(ORDO NEWS) — There are currently eight planets in the solar system. In 2006, astronomers crossed out Pluto from the list of full-fledged planets and transferred it to the category of less massive dwarf planets, after which the number of planets remained unchanged for more than 10 years.
However, a number of signs found in the outer solar system indicate that another planet is present at a relatively large distance from the Sun, possibly in the icy Oort Cloud.
This putative Planet 9 is estimated to have a mass of 5 to 10 Earth masses and orbits at a distance of 400 to 800 astronomical units (1 AU equals the average distance from the Earth to the Sun) from our star.
A planet this far away is difficult to see with optical telescopes, so in the new work, the researchers used Chile’s Atacama Cosmology Telescope (ACT) to search for Planet 9 in millimeter-wave radio frequencies.
Although the ACT observatory was originally designed to study the CMB, its relatively high angular resolution and sensitivity made it possible to use the observatory to search for Planet 9.
Astronomers scanned about 87 percent of the sky accessible from the Southern Hemisphere over a six-year period, and then processed the millimeter-wave images using several different methods, which made it possible to detect dim sources at the expense of losing some information about the location of these sources.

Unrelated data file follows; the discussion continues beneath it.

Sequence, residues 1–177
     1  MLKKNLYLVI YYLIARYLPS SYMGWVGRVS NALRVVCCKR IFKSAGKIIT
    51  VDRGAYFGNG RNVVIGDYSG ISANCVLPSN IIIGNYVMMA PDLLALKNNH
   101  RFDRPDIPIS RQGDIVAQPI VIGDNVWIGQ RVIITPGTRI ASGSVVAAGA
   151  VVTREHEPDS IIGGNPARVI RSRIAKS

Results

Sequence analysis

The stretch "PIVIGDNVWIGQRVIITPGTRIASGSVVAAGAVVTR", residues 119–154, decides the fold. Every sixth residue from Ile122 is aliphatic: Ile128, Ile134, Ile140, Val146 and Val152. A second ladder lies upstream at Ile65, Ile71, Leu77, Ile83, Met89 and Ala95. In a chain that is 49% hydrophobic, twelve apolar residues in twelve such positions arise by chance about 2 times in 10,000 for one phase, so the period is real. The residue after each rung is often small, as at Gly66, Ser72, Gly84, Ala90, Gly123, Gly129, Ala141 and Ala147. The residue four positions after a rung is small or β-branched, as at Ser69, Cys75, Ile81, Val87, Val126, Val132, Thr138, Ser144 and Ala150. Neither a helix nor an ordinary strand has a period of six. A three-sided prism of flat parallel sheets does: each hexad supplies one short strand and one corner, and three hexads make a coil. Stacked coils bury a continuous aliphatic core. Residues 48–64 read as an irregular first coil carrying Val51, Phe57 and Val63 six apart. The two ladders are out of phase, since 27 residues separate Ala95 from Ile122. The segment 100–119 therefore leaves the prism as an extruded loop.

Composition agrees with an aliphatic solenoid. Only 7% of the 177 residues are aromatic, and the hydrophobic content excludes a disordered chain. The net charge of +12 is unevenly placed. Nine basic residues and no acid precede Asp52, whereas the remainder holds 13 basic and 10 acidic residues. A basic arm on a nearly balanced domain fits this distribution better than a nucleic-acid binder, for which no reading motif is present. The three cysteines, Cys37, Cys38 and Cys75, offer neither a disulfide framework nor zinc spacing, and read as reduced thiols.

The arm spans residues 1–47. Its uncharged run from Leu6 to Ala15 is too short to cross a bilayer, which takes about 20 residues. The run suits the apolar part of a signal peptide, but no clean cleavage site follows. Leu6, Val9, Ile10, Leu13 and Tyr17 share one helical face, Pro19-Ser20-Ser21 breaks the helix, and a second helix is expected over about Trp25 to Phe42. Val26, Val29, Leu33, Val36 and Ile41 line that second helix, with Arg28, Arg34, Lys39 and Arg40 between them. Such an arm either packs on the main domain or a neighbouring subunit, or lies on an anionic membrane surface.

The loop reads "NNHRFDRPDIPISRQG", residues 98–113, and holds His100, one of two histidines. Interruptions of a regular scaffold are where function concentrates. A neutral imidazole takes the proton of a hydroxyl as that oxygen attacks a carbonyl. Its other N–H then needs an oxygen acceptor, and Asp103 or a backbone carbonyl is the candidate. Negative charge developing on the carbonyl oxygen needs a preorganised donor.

This search turned up many interesting candidate sources (approximately 3,500 sources in total), but none of them were confirmed, and in addition, no statistically significant discovery was made.
Scientists, however, were able to rule out, with a 95 percent confidence level, the presence of Planet 9 with the properties described above within the observed zone results that are broadly consistent with other earlier searches that also indicated the absence of the suspected planet.
These results cover only 10 to 20 percent of all possibilities, the authors noted. At the same time, more millimeter-scale observatories are being commissioned today to help complete these searches, they added.
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